WEST JORDAN, Utah, Aug. 4, 2016 (Gephardt Daily) — For nearly 40 years, West Jordan resident Sandy England has lived in a world of darkness, slowly robbed of her eyesight by a rare genetic disorder, retinitis pigmentosa.
At first, Sandy refused to believe her doctor’s diagnosis. The young teenager keeping it a closely guarded secret, known only to family and a close circle of friends.
For years she lived in a state of denial, until one day she made the disturbing realization — her doctors had spoken the truth.
She could no longer see color.
Her field of vision was growing darker and seemingly smaller everyday.
Yet, despite the onset of blindness, Sandy moved on with her life, getting married, having children while using every tool at her disposal to mitigate her disease.
It’s a world she’s lived in for more than four decades, until one day, late last year, when an unexpected phone call changed everything. It was a doctor telling her of a new procedure that would do the unimaginable — restore some of Sandy’s eyesight for the first time since the 1970’s.
Six months later, Sandy arrived in Minneapolis at the University of Minnesota’s School of Ophthalmology. It was there doctors would fit her with the so-called bionic eye. If all went as planned, the device would send electrical impulses to Sandy’s brain allowing her to “see” for the first time since her children’s adolescence.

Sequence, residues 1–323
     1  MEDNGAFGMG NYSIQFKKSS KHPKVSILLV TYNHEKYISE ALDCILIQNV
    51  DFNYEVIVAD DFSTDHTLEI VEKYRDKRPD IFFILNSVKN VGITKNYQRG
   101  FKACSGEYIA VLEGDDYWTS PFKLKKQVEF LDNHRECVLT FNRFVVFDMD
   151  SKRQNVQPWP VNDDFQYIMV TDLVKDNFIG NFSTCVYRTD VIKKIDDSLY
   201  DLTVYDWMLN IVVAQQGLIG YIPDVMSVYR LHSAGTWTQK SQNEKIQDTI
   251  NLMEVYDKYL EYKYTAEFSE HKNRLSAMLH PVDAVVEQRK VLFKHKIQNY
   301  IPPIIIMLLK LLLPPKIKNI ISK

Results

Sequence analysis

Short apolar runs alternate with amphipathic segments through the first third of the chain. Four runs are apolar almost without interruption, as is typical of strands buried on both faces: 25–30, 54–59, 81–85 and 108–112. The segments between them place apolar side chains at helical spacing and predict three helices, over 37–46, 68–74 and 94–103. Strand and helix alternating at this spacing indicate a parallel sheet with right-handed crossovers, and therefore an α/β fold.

Doctors warned Sandy her restored eyesight would be a far cry from what a normal person sees, but for her — and people like her — the opportunity to recognize loved ones and notice her surroundings would be nothing short of a miracle.
But the question remained, would the procedure work for Sandy?
To see the dramatic outcome of Sandy’s Minneapolis visit, click on the video player above.
To contribute to Sandy’s GoFundMe account click here.
In Her Own Words
(Click the images below to see and hear the whole story.)
1 Month After